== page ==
NZ vs IND: Flashback – Gautam Gambhir’s marathon knock at Napier

Gautam Gambhir Napier

At stumps on day three, India were 47/1 in their second innings. They were still 267 runs away from matching New Zealand’s mammoth first innings total of 619. With two days left in clear weather, New Zealand eyed a comeback in the series from their trailing position of 0-1. The writing was on the wall unless something spectacular occurred. From the team that consisted Sachin Tendulkar, Rahul Dravid and VVS Laxman, someone else rose to the occasion and stamped his authority on this Test match. It was Gautam Gambhir who played a legendary hand in Napier.

The background

Tendulkar’s 160 and a joint effort from the bowlers handed India a 10-wicket win at Hamilton in the first Test of the 2009 series. At McLean Park, Napier, Daniel Vettori won the toss and chose to bat first. Indian pacers made early inroads to trap the Blackcaps at 23/3. However, Ross Taylor (151) and Jesse Ryder (201) averted the crisis and went on to dominate the bowlers. Brendon McCullum’s 115 saw New Zealand finish at 619/9 declared.

India’s reply in the first innings hinged on their legends. Dravid (83), Laxman (76) and Tendulkar (49) could only get the team to 305 all out, conceding a trail of 314 runs. New Zealand promptly asked the visitors to follow-on with more than two days in their hands to take 10 wickets. In their second essay, India lost Virender Sehwag early but Gambhir and Dravid saw off the remaining time without any harm.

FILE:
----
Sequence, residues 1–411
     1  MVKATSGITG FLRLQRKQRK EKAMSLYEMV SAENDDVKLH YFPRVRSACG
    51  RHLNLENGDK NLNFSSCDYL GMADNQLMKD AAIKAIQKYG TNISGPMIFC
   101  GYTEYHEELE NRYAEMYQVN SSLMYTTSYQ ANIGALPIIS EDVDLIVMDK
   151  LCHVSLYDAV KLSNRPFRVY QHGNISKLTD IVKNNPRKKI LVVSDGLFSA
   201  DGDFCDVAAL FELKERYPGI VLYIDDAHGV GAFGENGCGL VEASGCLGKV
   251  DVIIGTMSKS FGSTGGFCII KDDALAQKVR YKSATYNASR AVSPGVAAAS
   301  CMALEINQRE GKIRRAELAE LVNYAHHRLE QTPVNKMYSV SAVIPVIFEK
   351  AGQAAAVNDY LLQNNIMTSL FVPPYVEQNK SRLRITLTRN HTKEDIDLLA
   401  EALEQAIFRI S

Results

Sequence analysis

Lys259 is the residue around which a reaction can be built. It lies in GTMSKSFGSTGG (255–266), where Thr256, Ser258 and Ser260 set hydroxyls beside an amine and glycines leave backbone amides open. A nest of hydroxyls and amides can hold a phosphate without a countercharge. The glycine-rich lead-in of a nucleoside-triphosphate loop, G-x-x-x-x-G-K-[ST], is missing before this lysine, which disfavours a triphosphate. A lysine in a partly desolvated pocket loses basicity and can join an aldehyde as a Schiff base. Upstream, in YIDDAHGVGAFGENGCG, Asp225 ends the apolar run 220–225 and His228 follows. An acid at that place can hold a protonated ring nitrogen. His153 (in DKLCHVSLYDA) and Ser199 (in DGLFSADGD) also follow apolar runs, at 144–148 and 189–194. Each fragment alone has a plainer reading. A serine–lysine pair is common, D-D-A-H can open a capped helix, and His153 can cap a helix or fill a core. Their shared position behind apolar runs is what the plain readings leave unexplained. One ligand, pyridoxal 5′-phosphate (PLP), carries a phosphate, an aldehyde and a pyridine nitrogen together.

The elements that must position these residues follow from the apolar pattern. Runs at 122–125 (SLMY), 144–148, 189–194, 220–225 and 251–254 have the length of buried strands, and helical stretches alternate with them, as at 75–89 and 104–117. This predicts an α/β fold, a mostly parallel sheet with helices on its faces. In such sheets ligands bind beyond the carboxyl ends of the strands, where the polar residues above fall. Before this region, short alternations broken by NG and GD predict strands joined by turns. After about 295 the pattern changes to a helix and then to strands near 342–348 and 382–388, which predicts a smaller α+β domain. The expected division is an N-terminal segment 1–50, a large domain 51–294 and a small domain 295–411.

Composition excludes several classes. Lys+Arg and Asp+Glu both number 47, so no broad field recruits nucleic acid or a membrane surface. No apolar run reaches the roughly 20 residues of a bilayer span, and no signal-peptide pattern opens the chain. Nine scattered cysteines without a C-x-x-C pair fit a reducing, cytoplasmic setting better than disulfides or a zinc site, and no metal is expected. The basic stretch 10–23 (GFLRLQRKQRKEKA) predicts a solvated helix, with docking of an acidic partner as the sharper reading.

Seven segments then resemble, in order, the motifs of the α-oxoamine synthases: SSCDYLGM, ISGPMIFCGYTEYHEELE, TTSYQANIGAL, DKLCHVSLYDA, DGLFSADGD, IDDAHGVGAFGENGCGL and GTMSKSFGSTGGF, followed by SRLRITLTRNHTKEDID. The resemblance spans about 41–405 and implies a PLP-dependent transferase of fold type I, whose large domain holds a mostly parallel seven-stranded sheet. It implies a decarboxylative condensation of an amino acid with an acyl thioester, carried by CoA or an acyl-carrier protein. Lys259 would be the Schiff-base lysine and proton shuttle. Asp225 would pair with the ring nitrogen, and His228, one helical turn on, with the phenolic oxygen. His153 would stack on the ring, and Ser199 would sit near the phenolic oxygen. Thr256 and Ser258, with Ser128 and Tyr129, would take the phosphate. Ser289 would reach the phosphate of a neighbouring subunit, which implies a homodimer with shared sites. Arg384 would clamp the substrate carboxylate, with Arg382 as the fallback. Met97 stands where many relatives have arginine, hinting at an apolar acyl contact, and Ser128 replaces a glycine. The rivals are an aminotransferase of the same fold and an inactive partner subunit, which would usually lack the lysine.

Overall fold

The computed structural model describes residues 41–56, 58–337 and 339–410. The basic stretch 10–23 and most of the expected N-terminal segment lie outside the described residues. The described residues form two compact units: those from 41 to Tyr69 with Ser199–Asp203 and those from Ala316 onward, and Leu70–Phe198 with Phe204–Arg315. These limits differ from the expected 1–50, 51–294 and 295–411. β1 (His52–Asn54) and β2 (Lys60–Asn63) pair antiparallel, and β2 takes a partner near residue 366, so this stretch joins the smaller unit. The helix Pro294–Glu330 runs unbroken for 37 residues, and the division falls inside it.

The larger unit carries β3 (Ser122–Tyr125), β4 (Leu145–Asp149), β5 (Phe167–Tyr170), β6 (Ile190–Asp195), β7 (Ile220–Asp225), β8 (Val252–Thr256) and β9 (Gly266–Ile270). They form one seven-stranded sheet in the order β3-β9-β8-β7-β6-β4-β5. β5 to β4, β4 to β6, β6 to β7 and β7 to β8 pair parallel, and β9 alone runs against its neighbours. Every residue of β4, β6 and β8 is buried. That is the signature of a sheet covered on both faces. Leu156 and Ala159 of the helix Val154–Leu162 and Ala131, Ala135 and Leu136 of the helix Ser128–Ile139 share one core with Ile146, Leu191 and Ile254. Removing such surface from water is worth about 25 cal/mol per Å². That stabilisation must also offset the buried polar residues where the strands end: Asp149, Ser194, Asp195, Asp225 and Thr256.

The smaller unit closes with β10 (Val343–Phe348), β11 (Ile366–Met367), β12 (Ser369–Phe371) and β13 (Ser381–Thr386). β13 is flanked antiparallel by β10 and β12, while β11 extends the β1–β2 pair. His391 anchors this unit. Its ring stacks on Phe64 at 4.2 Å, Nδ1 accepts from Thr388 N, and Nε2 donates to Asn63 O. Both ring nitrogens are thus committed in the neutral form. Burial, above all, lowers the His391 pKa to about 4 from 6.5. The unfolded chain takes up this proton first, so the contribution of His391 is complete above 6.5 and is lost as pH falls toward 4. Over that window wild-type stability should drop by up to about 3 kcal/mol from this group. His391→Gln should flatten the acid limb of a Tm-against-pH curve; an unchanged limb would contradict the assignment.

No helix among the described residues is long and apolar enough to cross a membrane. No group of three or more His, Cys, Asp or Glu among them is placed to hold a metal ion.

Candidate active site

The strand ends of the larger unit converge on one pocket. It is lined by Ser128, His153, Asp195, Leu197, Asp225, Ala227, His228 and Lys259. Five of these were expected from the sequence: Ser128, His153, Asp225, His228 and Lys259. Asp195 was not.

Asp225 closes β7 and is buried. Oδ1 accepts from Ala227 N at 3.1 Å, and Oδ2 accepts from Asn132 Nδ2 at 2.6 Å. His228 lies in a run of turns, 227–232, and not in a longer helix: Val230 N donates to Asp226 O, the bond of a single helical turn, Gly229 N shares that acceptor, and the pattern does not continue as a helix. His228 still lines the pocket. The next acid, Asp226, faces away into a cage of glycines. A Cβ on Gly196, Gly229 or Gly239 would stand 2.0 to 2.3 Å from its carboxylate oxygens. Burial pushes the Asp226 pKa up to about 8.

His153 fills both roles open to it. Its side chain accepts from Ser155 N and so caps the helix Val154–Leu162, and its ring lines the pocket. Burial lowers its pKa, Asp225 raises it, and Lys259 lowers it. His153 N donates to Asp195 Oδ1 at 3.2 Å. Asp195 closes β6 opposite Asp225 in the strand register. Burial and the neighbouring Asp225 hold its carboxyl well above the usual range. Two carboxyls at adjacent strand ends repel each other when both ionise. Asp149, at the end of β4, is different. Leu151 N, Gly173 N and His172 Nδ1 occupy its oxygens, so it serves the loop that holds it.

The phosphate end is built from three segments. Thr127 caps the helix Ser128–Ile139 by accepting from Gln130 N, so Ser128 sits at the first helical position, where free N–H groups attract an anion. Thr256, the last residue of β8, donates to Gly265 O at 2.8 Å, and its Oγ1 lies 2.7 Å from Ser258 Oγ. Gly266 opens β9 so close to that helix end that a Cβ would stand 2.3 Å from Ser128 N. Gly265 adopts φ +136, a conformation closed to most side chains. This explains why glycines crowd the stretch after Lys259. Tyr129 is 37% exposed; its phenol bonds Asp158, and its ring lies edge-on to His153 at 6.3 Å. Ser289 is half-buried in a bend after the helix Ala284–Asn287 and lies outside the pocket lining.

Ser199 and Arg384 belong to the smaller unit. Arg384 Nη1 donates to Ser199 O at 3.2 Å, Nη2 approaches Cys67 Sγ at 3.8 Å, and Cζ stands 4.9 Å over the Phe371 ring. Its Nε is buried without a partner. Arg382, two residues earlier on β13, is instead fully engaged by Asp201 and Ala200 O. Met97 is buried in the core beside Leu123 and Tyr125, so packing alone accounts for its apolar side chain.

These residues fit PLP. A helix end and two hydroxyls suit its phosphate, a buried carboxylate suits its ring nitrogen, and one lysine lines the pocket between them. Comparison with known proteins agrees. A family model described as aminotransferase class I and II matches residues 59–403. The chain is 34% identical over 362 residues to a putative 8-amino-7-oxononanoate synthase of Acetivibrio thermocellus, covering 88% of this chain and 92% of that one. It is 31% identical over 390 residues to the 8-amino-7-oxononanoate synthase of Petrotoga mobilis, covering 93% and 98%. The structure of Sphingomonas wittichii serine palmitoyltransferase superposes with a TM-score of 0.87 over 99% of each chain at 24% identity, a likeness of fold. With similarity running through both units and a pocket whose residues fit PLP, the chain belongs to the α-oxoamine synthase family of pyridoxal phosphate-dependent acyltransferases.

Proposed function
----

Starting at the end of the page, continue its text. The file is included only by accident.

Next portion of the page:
Also read: NZ vs IND: Flashback – India’s maiden trip to New Zealand

Gambhir stays firm

The fourth day began with the same defiance that Gambhir and Dravid had shown on the previous evening. Ticking off the time hour by hour, the pair grew in confidence. Dravid fell before the tea break but had added 133 runs for the second wicket by then. More importantly, he and Gambhir had taken out 380 balls out of the game.

One legend replaced another as Tendulkar joined Gambhir at the crease. The opener took an ultra-cautious approach in the post-tea session, where he added only one run in an hour. After the break, he did open up and brought up his Test century in 265 balls. India’s greatest completed his fifty at the other end. The stand remained unbroken as the day closed.

Marathon knock continues

India were yet to overhaul New Zealand’s total and still not out of danger. Gambhir resumed his battle on the final day and continued to fight despite losing Tendulkar at the other end early in the first session. Stitching another valuable partnership with Laxman, the left-hander trudged along. By the time he fell, India had gone past New Zealand’s total and had 1.5 sessions to play. Laxman and Yuvraj Singh played out the remaining time and secured a draw.

Gambhir’s final run count was 137 but it was only the third-important number in his batting analysis. His resistance lasted 643 minutes (more than 10 hours) and 436 balls (72.4 overs). Later the batsman called his match-saving knock as the most memorable innings of his career.